Glasgow, 3 November 2021 (TDI): The President of Japan, Fumio Kishida is in Glasgow, Scotland. He is there to attend the summit-level meeting of the 26th Conference of the Parties to the U.N. Framework Convention on Climate Change (COP26).

Address at Climate Summit
Japanese President, Fumio Kishida is in Glasgow, Scotland to attend COP26

During his address at the Climate Change Summit, he shared a proactive and ambitious plan to revert the adverse effects of Climate Change. On behalf of his country, he pledged up to $10 billion (approximately ¥1.14 trillion) in aid over the next five years for decarbonization efforts in Asia.

Japan’s Commitment to Climate Action

Fumio Kishida emphasized his country’s commitment to reducing greenhouse gas emissions. The goal is to reduce the emissions by 46% by fiscal 2030. For that, Japan strives for the 50% mark to achieve net-zero emissions by 2050. Previously, he also met with the US Climate Envoy in this regard.

Reduction of Emissions

Furthermore, Japan will provide approximately $10 billion in the next five years, specifically for the reduction of emissions in Asia. This commitment will fulfill the 2009 commitment by developed countries to provide a sum of $100 billion to developing countries; in climate-related assistance by 2020.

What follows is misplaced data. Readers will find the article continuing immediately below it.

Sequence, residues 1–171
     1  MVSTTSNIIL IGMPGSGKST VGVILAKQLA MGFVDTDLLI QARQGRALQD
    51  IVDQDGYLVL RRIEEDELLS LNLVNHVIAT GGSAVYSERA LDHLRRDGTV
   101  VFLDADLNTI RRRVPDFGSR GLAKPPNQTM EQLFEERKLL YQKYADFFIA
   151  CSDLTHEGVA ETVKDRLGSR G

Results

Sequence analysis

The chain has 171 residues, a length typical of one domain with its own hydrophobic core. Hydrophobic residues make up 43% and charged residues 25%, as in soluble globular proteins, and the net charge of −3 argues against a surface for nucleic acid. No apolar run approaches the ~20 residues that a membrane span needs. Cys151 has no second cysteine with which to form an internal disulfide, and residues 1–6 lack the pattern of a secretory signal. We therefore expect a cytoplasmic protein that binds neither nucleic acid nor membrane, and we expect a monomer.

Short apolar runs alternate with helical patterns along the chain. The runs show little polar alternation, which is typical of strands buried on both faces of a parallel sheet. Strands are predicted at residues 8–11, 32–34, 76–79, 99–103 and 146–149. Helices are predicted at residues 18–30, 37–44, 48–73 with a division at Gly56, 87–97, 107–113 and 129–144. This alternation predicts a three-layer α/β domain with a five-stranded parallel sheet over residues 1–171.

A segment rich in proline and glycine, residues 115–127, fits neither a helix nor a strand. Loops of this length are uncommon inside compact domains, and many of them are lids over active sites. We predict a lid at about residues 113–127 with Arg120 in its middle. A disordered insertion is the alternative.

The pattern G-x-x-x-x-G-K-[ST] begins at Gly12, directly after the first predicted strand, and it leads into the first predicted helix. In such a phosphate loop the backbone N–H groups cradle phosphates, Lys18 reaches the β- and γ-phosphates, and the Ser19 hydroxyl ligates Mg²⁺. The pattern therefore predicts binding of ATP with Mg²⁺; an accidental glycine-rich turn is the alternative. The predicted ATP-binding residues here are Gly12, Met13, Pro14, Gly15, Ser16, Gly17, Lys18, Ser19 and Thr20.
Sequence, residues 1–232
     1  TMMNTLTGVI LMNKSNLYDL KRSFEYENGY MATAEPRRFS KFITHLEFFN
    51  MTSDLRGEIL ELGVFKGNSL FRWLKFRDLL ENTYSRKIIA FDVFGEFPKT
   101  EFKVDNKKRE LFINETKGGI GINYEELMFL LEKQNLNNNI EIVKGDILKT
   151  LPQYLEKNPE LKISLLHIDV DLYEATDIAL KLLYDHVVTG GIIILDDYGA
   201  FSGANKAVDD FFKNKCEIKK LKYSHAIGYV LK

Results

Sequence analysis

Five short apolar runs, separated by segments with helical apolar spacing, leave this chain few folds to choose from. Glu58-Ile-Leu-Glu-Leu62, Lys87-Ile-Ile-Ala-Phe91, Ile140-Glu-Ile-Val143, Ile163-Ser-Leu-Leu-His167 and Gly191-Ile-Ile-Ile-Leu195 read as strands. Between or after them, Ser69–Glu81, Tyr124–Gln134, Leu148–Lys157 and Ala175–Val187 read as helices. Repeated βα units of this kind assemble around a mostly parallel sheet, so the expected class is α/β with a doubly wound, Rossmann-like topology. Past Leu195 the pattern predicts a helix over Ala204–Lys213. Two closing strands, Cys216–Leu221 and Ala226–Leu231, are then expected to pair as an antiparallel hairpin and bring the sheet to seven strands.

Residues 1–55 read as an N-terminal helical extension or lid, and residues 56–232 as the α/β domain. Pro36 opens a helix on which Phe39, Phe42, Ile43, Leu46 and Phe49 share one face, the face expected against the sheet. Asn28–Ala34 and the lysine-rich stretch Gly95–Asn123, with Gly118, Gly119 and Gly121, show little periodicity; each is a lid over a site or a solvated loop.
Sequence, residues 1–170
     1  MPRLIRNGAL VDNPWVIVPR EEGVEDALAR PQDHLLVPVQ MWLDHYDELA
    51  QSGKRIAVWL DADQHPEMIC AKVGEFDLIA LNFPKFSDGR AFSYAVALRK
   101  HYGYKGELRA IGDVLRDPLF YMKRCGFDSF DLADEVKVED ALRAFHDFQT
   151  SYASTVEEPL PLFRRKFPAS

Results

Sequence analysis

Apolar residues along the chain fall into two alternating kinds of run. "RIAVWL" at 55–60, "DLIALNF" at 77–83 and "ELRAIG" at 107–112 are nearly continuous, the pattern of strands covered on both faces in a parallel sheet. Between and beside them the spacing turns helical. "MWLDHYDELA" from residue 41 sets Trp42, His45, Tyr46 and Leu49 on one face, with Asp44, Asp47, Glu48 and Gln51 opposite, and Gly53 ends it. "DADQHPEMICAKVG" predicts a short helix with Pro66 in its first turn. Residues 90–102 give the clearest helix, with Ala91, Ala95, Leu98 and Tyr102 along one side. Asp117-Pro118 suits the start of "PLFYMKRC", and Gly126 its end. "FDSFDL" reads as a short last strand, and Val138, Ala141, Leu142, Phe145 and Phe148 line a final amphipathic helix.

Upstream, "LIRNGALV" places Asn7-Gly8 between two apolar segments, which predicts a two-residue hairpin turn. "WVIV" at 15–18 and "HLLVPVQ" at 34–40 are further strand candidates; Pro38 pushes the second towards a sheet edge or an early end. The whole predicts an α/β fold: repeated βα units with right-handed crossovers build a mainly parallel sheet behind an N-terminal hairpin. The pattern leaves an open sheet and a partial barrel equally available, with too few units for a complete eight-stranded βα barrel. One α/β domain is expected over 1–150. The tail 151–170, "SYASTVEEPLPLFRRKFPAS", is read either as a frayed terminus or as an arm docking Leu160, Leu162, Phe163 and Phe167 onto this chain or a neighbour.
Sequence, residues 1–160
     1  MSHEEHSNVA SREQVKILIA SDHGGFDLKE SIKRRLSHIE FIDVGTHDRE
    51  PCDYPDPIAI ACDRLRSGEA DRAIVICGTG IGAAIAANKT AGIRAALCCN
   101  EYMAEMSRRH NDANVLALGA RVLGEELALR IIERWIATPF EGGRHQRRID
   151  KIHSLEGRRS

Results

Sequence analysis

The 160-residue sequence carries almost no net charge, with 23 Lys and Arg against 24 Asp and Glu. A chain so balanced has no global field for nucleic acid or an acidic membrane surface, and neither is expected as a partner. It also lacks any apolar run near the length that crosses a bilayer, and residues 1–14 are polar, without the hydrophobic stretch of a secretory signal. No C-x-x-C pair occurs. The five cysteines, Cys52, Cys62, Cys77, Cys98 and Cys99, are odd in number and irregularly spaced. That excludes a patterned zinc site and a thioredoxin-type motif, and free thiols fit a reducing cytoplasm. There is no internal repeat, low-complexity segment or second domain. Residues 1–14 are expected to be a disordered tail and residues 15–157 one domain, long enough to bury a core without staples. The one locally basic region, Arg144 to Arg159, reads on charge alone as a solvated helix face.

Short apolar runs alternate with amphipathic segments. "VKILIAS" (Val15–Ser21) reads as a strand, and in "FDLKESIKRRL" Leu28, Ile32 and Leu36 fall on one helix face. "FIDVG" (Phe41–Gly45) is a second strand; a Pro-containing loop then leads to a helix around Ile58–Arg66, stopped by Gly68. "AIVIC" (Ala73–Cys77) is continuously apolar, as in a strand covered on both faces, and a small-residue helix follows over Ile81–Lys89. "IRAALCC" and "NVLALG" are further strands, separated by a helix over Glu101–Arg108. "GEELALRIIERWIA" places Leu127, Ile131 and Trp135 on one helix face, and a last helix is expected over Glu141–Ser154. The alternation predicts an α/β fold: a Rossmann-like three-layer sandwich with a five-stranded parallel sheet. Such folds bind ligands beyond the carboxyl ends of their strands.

Carbon Emissions are damaging the environment
Aid provided by Japan

Japan has already declared its intent in that regard by providing $60 billion in public and private assistance over the years from 2021 to 2025. The latest aid announced by Japan will bring the sum to $70 billion.

Renewable Energy

The Japanese government will introduce renewable energy through official development assistance and private sector investment.

From Fossil Fuels to Hydrogen and Ammonia

President Kishida reiterated that it is imperative to switch from thermal generations to zero-emission power generations; to tackle the issue of Climate Change. Japan is working on a prominent project in Asia to switch from fossil fuels to ammonia and hydrogen.

Presently, fossil fuels are widely used to generate electricity; causing carbon emissions. Ammonia and Hydrogen, on the other hand, are environmentally friendly. The project taken up by Japan is worth $100 million.